This is the second post in a short series of Android photo editing and post-processing app reviews.
PhotoDirector – Photo Editor is a product of the Taiwanese company CyberLink, known for software like PowerDVD. The company has been around for a while, with the first version of PowerDVD being released way back in 1998. CyberLink also creates photo editing software and PhotoDirector – Photo Editor is a scaled down Android version of their desktop photo editing software PhotoDirector. Confused about the names yet? I know I am.
Here’s a few of its many features (as listed by CyberLink themselves on Google Play):
- Quickly Correct White Balance for improved color accuracy
- Easily Adjust Tone with Brightness, Darkness, Exposure and Contrast sliders
- Fine tune Saturation for the most vivid image possible
- Remove unwanted objects from your photo with ease
- Instantly choose from over 40 Preset Effects including Lomo, Artistic, HDR effects and Vignette, to give your image the mood you desire
- Easily touch up portraits on the move with the accurate Skin Smoothing tool.
- Shoot directly into the app with your camera, or edit images from your gallery.- After you have created the image you want with PhotoDirector’s powerful tools, share it right away with your friends, family and followers on Facebook, Twitter, Flickr and more.
Compared to Photo Editor (review), the PhotoDirector UI is much simpler. PhotoDirector is not as packed with features as Photo Editor, but it does have the features most of you will need and those work very nice. The removal tool in particular stands out as very well implemented and makes it easy to remove unwanted blemishes from your photos. A good example is the sea picture in the examples below, where I’ve removed the glare from a ceiling lamp in just a few seconds and the end result is excellent.
While the removal tool is great, it is limited in the free version of PhotoDirector and you can only use it a fixed number of times. The free version also has other limitations like the maximum resolution you can use when saving your edited photos – 1600 pixels on the widest side of the photo. In addition to this, the free version will show you an ad when you have saved your photo. If you decided to pay for the full version of PhotoDirector, the resolution limit isn’t removed entirely, but instead increased to 2560 pixels. Why use an artificial resolution limit and not just save in the original image’ resolution? It’s a weird decision made by CyberLink, but it might be because they want to cover their asses on lower-end Android handsets. In addition to increasing the resolution limit, the full version of PhotoDirector gets rid of the usage limit on the removal tool and will not show you ads when you have saved your photo.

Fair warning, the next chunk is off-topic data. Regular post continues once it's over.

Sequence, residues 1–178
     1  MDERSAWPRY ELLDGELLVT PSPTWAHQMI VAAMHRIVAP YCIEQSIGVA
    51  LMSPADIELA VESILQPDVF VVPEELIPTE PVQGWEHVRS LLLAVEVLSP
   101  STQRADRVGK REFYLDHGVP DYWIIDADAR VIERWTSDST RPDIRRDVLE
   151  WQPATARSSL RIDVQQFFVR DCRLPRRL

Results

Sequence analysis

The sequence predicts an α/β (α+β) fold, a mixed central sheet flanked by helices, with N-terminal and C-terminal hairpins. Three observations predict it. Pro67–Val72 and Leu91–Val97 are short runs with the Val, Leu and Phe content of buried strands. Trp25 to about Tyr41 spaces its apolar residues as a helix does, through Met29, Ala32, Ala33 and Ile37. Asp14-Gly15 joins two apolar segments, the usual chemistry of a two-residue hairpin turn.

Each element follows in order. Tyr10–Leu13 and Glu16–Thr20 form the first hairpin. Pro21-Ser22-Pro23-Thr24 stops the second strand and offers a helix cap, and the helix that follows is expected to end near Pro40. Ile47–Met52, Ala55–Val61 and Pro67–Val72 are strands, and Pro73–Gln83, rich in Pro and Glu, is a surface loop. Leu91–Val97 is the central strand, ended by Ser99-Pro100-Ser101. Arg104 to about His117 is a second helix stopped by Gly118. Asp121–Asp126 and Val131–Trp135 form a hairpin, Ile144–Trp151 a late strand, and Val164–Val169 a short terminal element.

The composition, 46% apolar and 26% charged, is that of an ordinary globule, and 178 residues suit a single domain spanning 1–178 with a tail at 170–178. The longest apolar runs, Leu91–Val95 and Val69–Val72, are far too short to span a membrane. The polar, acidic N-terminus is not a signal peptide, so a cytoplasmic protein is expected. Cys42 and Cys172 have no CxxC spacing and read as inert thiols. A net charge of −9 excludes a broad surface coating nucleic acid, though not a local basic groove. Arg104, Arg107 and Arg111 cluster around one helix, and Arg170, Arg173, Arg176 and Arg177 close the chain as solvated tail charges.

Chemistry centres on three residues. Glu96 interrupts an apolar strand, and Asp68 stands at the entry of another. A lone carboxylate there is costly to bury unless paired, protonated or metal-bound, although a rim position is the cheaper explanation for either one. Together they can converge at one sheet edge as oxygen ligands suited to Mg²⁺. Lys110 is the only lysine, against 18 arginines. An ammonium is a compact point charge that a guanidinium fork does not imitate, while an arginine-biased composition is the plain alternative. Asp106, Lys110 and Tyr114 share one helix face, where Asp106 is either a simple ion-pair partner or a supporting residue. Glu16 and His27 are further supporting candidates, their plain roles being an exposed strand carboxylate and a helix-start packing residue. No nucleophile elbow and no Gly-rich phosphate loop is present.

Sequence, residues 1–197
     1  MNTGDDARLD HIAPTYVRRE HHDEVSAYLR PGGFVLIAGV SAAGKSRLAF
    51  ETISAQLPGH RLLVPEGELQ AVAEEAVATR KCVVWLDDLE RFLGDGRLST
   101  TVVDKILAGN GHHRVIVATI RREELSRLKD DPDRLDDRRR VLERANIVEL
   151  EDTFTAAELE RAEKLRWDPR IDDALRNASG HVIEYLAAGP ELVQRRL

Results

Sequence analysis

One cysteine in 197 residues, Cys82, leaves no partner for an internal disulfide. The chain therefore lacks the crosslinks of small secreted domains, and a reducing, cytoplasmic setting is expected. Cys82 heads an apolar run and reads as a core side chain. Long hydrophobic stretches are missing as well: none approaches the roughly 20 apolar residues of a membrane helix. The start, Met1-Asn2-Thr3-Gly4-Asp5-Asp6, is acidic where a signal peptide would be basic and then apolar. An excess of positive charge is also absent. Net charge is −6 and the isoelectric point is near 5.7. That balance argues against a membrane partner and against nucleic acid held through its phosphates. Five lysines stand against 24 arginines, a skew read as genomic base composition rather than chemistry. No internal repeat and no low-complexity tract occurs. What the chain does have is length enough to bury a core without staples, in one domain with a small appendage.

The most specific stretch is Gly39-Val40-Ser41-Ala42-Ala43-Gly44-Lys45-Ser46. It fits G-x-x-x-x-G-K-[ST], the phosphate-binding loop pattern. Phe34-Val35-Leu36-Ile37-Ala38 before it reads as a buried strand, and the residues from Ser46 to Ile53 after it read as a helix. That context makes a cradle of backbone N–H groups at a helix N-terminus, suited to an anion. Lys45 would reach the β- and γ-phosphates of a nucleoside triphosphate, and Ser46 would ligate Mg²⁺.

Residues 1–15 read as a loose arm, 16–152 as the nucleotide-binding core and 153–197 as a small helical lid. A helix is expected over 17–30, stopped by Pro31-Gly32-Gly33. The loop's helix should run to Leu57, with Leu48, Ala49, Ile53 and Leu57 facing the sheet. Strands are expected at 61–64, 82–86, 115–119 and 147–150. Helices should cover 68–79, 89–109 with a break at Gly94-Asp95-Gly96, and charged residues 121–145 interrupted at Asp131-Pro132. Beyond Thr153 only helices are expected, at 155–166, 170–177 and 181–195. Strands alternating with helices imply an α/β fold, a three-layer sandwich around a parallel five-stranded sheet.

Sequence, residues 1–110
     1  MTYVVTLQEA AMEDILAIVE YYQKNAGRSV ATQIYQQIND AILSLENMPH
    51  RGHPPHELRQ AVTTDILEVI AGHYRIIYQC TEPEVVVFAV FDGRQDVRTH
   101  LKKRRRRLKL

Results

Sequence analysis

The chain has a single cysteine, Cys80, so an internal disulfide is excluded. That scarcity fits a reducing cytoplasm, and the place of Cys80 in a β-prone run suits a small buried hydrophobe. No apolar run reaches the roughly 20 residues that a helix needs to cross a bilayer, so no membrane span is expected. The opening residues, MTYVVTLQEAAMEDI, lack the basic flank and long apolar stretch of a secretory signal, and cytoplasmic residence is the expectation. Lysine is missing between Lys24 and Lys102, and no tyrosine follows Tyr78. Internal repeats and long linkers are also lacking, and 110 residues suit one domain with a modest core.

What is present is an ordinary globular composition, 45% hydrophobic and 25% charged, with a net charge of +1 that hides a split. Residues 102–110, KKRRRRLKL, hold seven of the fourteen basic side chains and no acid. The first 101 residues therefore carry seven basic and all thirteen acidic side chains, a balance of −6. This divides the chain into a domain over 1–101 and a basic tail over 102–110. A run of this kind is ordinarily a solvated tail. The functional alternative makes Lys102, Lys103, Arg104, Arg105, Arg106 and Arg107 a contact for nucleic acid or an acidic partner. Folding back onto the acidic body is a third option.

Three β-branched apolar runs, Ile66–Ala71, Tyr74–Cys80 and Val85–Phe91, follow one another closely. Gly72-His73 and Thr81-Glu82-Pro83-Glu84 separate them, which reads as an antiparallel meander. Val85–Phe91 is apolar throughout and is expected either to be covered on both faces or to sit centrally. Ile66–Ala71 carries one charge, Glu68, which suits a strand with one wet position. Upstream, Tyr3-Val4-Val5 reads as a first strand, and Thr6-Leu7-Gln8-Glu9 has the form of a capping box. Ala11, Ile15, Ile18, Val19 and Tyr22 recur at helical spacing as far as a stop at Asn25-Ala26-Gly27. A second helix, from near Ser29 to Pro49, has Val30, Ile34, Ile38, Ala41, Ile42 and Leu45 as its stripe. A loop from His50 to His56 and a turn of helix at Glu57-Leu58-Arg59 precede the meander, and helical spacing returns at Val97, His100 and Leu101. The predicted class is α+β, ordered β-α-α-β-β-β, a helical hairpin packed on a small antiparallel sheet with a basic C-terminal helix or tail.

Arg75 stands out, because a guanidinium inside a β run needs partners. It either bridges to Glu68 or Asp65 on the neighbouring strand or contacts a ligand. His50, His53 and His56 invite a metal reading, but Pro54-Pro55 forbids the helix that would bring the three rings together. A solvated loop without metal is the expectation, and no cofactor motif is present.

Among PhotoDirector’s other features, you’ll find some very nice HDR post-processing effects. The app also allows you to create a “scene”, in which you put your picture in another picture. Ever wanted to have your face plastered across a billboard on Times Square? Well, now is your chance! You can use the available adjustments to create a lot of different effects, but this can be hard if you, like me, have no idea what you’re doing and just move sliders at random, hoping for a breathtaking result. Instead, you can use one of the many effect presets in PhotoDirector, and they come in a wide range of categories: Artistic, HDR, lomo, black & white, and face. The last one is probably great for selfies, but I didn’t try that. The app also comes with a specialized skin tool you can use to freshen up your selfies even more if that’s something you need to do. But if you’re a selfiholic, that’s most likely not something you worry about.
I did experienced a few crashes while using the saturation adjustment tool when I tested, but PhotoDirector is updated frequently and that particular bug might have already been sorted out when you read this. Also, PhotoDirector doesn’t exactly shine in terms of format support, as it only support JPG and has that weird artificial limit on the resolution you can save your photos in. I didn’t see any way to change the compression of your saved JPEG either.
But all in all, CyberLink’s PhotoDirector is a nice middle ground between Photo Editor (review) and the camera apps I reviewed earlier. If you’re not looking for a new camera app, but rather an easy-to-use photo editor with a nice set of features and you can live with the artificial resolution limit and JPEG only support, PhotoDirector might be exactly what you want.